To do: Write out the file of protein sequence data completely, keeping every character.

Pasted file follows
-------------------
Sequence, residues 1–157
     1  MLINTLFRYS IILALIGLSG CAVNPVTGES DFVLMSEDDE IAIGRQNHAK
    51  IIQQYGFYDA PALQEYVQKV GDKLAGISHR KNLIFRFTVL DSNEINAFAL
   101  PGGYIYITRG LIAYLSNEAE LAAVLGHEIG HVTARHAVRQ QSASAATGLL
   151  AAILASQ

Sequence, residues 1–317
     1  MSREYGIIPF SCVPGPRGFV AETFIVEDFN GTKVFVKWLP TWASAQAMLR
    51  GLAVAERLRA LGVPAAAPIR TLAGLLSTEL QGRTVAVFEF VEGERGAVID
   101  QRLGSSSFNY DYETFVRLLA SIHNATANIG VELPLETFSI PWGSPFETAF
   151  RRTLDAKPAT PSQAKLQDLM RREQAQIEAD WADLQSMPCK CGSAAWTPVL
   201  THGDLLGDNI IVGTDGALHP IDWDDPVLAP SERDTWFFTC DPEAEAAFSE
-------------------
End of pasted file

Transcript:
Sequence, residues 1–157
     1  MLINTLFRYS IILALIGLSG CAVNPVTGES DFVLMSEDDE IAIGRQNHAK
    51  IIQQYGFYDA PALQEYVQKV GDKLAGISHR KNLIFRFTVL DSNEINAFAL
   101  PGGYIYITRG LIAYLSNEAE LAAVLGHEIG HVTARHAVRQ QSASAATGLL
   151  AAILASQ

Sequence, residues 1–317
     1  MSREYGIIPF SCVPGPRGFV AETFIVEDFN GTKVFVKWLP TWASAQAMLR
    51  GLAVAERLRA LGVPAAAPIR TLAGLLSTEL QGRTVAVFEF VEGERGAVID
   101  QRLGSSSFNY DYETFVRLLA SIHNATANIG VELPLETFSI PWGSPFETAF
   151  RRTLDAKPAT PSQAKLQDLM RREQAQIEAD WADLQSMPCK CGSAAWTPVL
   201  THGDLLGDNI IVGTDGALHP IDWDDPVLAP SERDTWFFTC DPEAEAAFSE